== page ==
Syria loves Lebanon
Do young syrians really hate the Cedar revolution?
هل حقاً يكرهون "ثورة الأرز"؟
By Youssef Bazzi for Babelmed
There can be no doubt that Syrians, for the most part, love Lebanon. Their love is a dramatic love, amongst its symptoms, a constant desire to stay close to and imitate the beloved, and occasionally to bicker.
The majority of Syrians believe that the two nations are not merely joined by common borders, but by the unshakeable bond of brotherhood. Without thinking twice the young Syrian girl says to the television camera: "We love the Lebanese. We and the Lebanese are one people."
Like most young Syrians she truly believes what she says, and she would be surprised to find out how many Lebanese are repelled by these simple words, how much they inspire caution and fear; that this brief sentence harbours an ideological and political discourse that refutes Lebanon's independence and denies its separation, as a state and people, from Syria. She hasn't the faintest idea that these very words are parroted by millions of other Syrians in imitation of their leader ("...one people, forever..."), a state of affairs that only goes to support the theory that Syrians don't have opinions of their own; that such uniformity is a symptom of an awful, Soviet-style totalitarianism.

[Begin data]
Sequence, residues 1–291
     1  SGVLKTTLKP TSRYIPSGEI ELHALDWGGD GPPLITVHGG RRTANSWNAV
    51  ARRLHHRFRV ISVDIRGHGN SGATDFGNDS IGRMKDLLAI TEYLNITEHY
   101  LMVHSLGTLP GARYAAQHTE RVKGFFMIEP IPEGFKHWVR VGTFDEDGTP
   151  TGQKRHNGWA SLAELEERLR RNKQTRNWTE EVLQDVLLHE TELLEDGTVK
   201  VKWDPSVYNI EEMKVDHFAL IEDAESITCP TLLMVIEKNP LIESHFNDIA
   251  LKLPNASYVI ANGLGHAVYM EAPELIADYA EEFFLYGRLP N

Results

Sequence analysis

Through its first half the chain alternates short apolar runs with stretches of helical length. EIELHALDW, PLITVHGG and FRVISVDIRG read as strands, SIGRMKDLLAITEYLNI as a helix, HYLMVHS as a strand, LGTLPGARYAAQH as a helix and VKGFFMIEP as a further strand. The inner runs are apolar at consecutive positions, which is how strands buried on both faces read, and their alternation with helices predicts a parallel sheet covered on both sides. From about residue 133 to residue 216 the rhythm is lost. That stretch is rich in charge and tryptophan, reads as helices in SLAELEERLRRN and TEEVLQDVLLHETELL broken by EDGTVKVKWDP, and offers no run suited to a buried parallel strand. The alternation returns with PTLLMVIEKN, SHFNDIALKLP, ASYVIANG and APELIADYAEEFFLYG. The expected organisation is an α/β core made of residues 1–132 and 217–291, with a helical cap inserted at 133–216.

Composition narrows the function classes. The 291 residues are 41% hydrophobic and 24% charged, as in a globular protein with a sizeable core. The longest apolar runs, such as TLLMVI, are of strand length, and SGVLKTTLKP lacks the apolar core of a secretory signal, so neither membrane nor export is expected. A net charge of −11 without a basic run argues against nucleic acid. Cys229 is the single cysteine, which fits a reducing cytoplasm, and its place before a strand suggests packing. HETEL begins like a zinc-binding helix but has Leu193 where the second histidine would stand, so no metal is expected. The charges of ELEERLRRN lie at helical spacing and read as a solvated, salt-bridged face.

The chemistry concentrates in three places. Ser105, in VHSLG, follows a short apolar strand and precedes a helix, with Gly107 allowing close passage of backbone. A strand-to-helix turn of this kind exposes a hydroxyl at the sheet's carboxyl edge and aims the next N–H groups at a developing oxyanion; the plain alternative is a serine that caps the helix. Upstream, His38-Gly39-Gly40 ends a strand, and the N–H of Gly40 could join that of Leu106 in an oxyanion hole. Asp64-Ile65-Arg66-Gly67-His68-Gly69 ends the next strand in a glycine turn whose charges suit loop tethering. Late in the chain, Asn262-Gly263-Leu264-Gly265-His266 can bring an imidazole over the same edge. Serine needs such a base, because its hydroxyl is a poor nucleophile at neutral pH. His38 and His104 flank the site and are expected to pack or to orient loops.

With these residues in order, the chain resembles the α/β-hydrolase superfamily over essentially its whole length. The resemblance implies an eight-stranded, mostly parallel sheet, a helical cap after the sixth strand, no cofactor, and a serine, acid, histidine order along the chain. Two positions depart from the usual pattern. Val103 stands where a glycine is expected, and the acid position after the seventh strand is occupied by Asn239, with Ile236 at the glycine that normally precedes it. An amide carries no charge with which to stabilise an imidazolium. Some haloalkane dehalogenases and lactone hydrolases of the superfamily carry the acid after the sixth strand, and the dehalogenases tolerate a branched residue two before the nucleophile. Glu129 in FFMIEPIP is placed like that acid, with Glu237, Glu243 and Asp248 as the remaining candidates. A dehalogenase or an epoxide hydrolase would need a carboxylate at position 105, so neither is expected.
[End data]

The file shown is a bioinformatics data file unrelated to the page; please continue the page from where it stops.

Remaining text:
This innocent expression of love towards Lebanon seems so natural, so commonplace, to the Syrian girl. It never occurs to her that politically, her words are a threat to Lebanon's independence and sovereignty, part of Syria's age old policy to deny the existence of a distinct Lebanese people who exercise their freedom of expression within their own political system.